Message from the Ombudsman - October 16, 2014

Ombudsman finds several concerns at Canadian Forces Base Wainwright

In November 2013, my predecessor and Ombudsman staff visited Wainwright Garrison in Alberta, where they met with hundreds of military personnel, civilian employees, caregivers and military family members.

During the visit, several concerns were raised, many of which were consistent with issues raised in other, more isolated, bases and wings across the country.

Concerns with Post Living Differential (PLD) and Land Duty Allowance (LDA) were raised during all of the town halls. Members expressed dissatisfaction with not being entitled to receive PLD when the general perception is that the cost of living and price for basic necessities is higher in the Wainwright area than Edmonton, where members are entitled to receive the allowance. Many members also pointed out that the loss of the LDA benefit, upon being posted to Wainwright, has negatively impacted their finances. For example, one individual indicated that his annual income dropped by $13,000 dollars with the loss of the PLD and LDA.

Ombudsman staff found that housing - both dwellings managed by the Canadian Forces Housing Agency (CFHA) and those for sale or rent in the economy - is a concern for Canadian Forces members and their families in Wainwright. Members specified an insufficient number of available CFHA-maintained units, aging inventory, and a lack of available tradespersons to carry out even the most basic repairs. Furthermore, the private housing market is largely unattainable for many due to the oil industry employment boom, which has impacted the rental and housing markets, often driving up prices.

Access to health care was cited as a challenge for military families during all of the town halls conducted in Wainwright. In spite of the province waiving the 90-day waiting period for provincial health coverage, some are still being made to pay up front to receive health care services. A lack of available physicians and specialists accepting new patients was also a serious concern, as was the access to Francophone medical services. My predecessor heard that some families will visit the emergency department of the hospital if they need to consult a physician, while others will drive long distances, especially to see a specialist.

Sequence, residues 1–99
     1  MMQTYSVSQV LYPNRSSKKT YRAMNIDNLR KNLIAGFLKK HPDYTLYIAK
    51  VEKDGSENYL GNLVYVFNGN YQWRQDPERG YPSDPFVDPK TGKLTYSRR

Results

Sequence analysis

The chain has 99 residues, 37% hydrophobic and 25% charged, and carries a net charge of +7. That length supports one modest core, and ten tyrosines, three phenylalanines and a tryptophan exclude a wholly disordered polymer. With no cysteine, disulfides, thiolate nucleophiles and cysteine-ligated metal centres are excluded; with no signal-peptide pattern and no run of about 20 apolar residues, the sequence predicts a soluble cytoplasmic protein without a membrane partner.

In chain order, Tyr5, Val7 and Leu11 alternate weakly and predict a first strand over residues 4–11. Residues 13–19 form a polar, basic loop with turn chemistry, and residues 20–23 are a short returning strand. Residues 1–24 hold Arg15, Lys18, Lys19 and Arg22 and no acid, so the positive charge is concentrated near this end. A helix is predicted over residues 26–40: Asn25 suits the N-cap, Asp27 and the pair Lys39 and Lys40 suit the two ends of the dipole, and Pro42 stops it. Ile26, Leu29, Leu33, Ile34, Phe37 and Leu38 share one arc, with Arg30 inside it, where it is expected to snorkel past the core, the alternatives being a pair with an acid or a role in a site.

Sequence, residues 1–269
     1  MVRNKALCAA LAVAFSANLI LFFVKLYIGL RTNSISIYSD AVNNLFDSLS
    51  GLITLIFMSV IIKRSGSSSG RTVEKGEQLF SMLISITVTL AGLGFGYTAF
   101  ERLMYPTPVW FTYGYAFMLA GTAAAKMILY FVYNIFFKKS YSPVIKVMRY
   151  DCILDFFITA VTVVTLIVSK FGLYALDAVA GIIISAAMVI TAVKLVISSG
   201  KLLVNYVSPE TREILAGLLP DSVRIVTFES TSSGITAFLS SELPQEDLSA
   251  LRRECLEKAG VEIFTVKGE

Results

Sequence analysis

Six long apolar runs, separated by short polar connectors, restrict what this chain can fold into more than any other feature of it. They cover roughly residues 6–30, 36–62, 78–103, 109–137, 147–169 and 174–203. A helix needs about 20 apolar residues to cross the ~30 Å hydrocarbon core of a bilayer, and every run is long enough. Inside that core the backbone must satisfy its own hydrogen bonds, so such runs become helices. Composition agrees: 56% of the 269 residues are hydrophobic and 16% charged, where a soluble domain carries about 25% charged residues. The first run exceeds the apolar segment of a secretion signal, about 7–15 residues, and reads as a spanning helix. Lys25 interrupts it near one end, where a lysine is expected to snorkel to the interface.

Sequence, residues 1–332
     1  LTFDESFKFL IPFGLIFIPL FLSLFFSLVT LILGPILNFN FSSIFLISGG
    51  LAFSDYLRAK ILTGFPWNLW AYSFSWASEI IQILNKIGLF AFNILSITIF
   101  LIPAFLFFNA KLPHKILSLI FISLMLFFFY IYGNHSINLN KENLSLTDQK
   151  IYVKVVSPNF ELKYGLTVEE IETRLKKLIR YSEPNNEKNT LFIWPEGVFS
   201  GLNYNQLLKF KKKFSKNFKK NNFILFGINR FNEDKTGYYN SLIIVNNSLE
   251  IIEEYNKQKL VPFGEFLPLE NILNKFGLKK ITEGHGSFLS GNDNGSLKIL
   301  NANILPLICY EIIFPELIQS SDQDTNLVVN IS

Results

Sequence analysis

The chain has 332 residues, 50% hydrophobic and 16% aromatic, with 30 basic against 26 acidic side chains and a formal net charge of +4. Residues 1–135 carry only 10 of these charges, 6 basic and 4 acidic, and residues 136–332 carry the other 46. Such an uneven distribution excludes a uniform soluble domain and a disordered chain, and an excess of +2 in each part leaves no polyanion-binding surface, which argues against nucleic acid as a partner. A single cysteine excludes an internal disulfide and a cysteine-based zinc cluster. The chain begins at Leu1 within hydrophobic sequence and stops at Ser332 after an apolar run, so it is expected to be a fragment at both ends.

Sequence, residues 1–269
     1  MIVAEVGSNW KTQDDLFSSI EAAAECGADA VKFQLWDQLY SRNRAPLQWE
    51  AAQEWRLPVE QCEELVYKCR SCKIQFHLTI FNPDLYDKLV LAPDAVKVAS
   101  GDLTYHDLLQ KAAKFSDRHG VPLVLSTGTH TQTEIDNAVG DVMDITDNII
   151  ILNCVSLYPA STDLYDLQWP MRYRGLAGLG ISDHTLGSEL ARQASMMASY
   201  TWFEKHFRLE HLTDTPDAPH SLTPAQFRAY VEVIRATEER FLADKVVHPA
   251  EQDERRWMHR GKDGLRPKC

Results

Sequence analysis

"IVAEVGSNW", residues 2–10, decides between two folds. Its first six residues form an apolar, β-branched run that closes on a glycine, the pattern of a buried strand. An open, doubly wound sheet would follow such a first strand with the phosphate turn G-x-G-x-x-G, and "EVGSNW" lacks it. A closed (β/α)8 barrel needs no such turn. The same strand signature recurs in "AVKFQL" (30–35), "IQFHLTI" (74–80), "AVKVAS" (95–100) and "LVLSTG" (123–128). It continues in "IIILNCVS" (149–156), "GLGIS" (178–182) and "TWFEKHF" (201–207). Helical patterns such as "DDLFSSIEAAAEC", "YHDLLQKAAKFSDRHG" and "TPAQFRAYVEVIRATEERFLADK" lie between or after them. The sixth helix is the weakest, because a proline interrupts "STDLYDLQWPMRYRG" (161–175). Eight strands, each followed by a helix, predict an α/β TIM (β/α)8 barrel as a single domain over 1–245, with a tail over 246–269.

Many Canadian Forces members indicated that they must take time off from work in order to take family members to medical appointments outside of Wainwright, costing them time and money. However, the Ombudsman team was pleased to learn that military medical officers host a walk-in clinic in the city of Wainwright on select evenings. 

Further concerns were raised regarding the members of the Personnel Awaiting Training (PAT) Platoon. Some of these individuals are married and are sent to Wainwright on Imposed Restriction (IR) – when members are forced to move away from their family for a short period of time – for training.  However, investigators were told that some members, especially those in specialized trades, can wait up to nine months before their course begins, which can affect the morale of personnel. Some also noted that the elimination of the food allowance while separated from family is having a negative financial impact on members of the PAT Platoon.

During all of the town halls, participants raised limited child care options and opportunities for spousal employment as major impediments to financial stability in the Wainwright area. Many members also spoke of the facility that houses the Military Family Resource Centre (MFRC) as being inadequate to accommodate the demands for daycare spots – they are currently able to offer less than 20 spots and there is a waitlist – as well as the summer camp, which sees in excess of 100 registrations due to a lack of other suitable alternatives in the area. It was noted that because of the lack of space, they have to stop all other programs (less the daycare) while the summer camp is running, including casual child care services.

In terms of employment opportunities for military spouses, the few jobs available in the area tend to pay low wages. Ombudsman staff were told that many spouses do not find a job in their chosen career. They also heard that many spouses do not work because the cost of child care is higher than the wages the spouse would receive. The lack of public transit also makes it difficult for spouses to seek work and to get to work, as most families only have one vehicle. This results in some spouses feeling isolated.

Finally, the Gym facilities at Wainwright Garrison were singled out by members as a major source of frustration. The facilities are dated, of poor quality and are unable to accommodate the many users in instances of inclement weather. Further, the hours of operation are inconvenient.

The issues raised during the outreach visit to Wainwright Garrison are largely consistent with those found during our investigations into Forces Base Cold Lake in July 2013 and the challenges facing military families in November 2013.

Wainwright, like Cold Lake, is heavily impacted by the growth of the oil sector. The cost of living is high and families currently receive no Post Living Differential to help offset these extra costs. Child care and spousal employment challenges at the Garrison are sources of huge frustration in the Defence community.

In light of these challenges, we encourage anyone with similar concerns to contact our office. We stand ready to help.

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